The International Monetary Fund said this evening that it had approved a 'precautionary' credit line of $20.58 billion to help Poland boost its reserves and weather the global economic crisis.

The arrangement for Poland is the second IMF commitment after Mexico under the Fund's 'flexible credit line' created in March to help nations cope with the current financial turmoil that had slammed the brakes on growth.

'The Polish authorities intend to treat the arrangement as precautionary, which means that they do not intend to draw' from the credit line, an IMF statement said.

The IMF said that 'despite very strong fundamentals, Poland's economy is now facing the risk of spillovers from the global crisis through both the real and financial sector channels.'

It said the country's exports had contracted and economic activity had slowed in early 2009, reflecting a deep recession in its main trading partners.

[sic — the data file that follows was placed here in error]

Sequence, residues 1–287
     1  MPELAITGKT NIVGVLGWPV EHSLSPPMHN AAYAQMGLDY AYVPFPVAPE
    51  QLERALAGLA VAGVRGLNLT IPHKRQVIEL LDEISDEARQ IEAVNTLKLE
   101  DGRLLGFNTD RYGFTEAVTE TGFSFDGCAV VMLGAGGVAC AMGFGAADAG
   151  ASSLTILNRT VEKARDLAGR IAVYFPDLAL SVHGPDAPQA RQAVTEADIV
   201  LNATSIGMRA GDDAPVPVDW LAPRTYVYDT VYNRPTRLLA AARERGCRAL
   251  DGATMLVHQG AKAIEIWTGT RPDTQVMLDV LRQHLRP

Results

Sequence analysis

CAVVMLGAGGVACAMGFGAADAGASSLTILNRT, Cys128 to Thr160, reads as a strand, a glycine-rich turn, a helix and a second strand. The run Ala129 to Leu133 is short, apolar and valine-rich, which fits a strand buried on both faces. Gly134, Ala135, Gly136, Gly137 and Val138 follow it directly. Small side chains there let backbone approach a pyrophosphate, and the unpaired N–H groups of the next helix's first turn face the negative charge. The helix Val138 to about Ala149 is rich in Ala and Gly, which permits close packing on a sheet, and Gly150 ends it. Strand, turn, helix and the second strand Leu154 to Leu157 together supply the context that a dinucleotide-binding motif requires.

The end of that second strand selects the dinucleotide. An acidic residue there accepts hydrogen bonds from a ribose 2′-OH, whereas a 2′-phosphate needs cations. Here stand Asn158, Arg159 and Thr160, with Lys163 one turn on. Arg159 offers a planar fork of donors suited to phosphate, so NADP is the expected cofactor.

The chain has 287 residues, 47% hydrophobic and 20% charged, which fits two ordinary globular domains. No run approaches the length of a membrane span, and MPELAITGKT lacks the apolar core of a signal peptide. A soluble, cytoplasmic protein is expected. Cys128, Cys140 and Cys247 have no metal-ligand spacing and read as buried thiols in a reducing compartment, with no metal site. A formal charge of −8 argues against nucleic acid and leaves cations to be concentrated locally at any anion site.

'A sharp slowdown in credit growth is underway as banks have begun to tighten credit criteria. Nonetheless, Poland has maintained access to international capital markets,' it added.

The IMF said that Polish authorities had responded 'in a timely and effective manner' to the global downturn.

Poland last sought IMF help through a stand-by loan arrangement that expired in March 1996.

Poland's finance ministry has estimated the country's economic growth in 2009 to be between 0.3-2% but the European Commission predicted the Polish economy will shrink by 1.4% this year.

The European Commission had previously forecast 2% growth for the largest 2004 EU entrant.